The Habsburgs part of the empire was limited to northwestern Croatia, Slovakia and a narrow land area in between. Pozsony became Hungary’s capital. Central Hungary with Buda came under direct Ottoman rule in 1541 and was largely destroyed. The third area, Transylvania (German Siebenbürgen), was ruled by princes, who were in vassal relations with the Ottomans and balanced between them and Habsburg. The province had a special character. After the so-called Union of Kápolna 1437, the political class consisted of Szekels and Magyars, ie. two Hungarian people, as well as scissors, ie descendants of immigrant Germans in the 13th century (compare Siebenbürgens Saxons).
After the Reformation in the early 16th century, there were four recognized religions: Catholicism, Lutheranism, Calvinism and Unitarianism. The Saxons were Lutherans, the Hungarian lowlanders and the citizens mostly Calvinists. The Romanian-speaking, Greek Orthodox peasants lacked political rights.
Hungary under Habsburg Empire (1699-1867)
In northwestern Hungary, Habsburg consolidated its position, and in 1687 the family was given hereditary right to the Hungarian krona. Transylvania had claimed a relatively independent position despite several war wars. After defeating the Ottomans at Vienna in 1683, conquering Buda in 1686, and in the peace at Karlowitz in 1699, the Ottomans made their claims to Hungary, Habsburg finally took control of Transylvania as well, after the defeat of the Ferenc II Rákóczi, supported by the lowland and by both Hungarian and Romanian peasants but not by the high nobility and the scissors.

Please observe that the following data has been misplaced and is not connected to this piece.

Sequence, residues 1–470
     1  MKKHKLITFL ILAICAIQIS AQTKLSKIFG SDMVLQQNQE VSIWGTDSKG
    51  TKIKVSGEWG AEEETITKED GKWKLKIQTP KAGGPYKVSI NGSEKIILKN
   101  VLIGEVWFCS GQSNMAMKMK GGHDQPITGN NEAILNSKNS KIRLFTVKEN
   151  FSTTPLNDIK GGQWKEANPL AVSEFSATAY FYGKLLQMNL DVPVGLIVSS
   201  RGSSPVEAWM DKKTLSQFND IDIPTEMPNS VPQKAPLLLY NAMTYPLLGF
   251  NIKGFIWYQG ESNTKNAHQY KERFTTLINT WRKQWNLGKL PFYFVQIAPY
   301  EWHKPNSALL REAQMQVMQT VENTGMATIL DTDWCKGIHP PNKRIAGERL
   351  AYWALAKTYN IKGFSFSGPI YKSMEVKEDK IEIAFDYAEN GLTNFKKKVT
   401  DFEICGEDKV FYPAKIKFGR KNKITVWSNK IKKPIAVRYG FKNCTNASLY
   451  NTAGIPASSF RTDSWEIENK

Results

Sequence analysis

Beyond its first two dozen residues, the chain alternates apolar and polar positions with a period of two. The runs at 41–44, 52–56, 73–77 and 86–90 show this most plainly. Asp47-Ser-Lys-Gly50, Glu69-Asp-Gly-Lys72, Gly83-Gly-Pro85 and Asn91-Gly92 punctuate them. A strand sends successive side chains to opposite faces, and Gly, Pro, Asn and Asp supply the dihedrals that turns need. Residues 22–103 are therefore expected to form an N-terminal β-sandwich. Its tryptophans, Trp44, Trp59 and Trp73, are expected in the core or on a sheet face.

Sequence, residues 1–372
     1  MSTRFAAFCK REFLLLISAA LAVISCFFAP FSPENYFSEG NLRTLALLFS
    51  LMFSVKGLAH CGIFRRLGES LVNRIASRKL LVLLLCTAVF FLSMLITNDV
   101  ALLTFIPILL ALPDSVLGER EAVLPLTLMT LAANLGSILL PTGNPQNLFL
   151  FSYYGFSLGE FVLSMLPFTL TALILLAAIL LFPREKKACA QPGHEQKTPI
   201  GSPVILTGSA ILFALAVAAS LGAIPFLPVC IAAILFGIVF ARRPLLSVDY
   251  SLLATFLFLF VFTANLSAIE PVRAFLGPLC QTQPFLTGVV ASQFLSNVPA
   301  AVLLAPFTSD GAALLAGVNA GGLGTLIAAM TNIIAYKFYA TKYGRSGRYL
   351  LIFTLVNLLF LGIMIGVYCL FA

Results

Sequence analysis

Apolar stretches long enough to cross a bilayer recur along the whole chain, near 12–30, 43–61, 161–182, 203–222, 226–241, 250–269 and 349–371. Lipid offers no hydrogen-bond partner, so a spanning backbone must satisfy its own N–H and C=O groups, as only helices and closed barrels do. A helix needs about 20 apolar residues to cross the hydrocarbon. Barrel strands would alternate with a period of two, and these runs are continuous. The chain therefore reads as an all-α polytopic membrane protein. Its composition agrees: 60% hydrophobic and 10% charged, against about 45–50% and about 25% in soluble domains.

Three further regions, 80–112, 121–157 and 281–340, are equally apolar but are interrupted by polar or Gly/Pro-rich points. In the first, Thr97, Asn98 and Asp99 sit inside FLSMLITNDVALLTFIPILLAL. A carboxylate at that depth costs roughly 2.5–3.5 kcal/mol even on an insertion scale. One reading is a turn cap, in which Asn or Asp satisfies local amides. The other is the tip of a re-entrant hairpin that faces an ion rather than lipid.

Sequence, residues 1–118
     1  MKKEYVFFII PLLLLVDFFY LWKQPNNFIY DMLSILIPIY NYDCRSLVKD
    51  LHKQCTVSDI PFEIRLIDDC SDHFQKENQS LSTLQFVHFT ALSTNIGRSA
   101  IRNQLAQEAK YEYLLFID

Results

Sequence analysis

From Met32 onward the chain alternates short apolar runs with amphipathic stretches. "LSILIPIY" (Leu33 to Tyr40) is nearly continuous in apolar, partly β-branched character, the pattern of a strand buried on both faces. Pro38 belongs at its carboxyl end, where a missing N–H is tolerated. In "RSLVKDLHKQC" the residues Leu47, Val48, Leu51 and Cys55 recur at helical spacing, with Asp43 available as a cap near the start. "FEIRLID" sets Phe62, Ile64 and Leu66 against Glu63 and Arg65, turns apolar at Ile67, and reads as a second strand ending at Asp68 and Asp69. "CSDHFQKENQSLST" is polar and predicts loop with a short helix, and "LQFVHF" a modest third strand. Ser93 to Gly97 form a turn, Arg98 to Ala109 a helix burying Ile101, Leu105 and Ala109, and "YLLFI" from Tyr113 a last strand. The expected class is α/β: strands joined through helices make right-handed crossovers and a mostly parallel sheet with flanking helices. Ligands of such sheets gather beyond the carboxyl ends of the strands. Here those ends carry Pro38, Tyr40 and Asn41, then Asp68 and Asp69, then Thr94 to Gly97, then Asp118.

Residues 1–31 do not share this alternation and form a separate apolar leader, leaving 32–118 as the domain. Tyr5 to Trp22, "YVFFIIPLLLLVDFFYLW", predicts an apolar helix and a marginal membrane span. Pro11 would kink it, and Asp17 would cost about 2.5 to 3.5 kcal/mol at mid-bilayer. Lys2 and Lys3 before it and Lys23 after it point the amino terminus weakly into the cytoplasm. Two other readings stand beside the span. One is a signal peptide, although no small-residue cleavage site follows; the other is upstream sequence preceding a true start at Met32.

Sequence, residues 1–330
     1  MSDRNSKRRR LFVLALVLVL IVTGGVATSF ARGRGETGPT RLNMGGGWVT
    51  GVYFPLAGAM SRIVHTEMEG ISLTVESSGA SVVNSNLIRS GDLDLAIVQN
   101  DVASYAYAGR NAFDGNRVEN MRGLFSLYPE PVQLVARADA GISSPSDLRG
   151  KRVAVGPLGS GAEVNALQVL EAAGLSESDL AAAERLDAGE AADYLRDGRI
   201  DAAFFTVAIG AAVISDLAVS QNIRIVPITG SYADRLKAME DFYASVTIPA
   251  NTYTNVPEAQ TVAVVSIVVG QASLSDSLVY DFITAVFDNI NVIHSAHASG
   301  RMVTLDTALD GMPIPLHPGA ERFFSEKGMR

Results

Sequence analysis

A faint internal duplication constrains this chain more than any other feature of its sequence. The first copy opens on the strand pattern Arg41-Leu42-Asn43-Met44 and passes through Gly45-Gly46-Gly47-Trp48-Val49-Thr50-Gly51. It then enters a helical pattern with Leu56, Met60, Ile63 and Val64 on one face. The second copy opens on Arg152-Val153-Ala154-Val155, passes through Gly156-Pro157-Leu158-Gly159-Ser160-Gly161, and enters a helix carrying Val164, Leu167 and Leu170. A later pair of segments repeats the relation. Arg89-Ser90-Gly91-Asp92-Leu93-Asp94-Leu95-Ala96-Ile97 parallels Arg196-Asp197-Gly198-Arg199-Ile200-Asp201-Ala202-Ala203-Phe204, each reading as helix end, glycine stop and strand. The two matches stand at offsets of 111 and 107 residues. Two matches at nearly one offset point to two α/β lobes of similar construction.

The peace in Szatmár in 1711 reaffirmed Habsburg’s triumph. Transylvania was placed directly under Vienna. In the 18th century, a new wave of immigrants from Germany, Catholic Swabers, arrived. Transylvania, however, was not recatolized unlike Habsburg’s other domains.
The economy of pre-industrial Hungary was characterized by the three climatic areas in which the country was located. The temperate, mountainous areas of the northwest were characterized by mining, forestry and grain cultivation. Central Hungary’s plains, the breath, were pastures for the large herds of cattle exported to Europe for centuries. Finally, there were large vineyards in the mountains around Eger and Tokaj, on Lake Balaton and in southern Hungary. The population lived largely on meat and wine.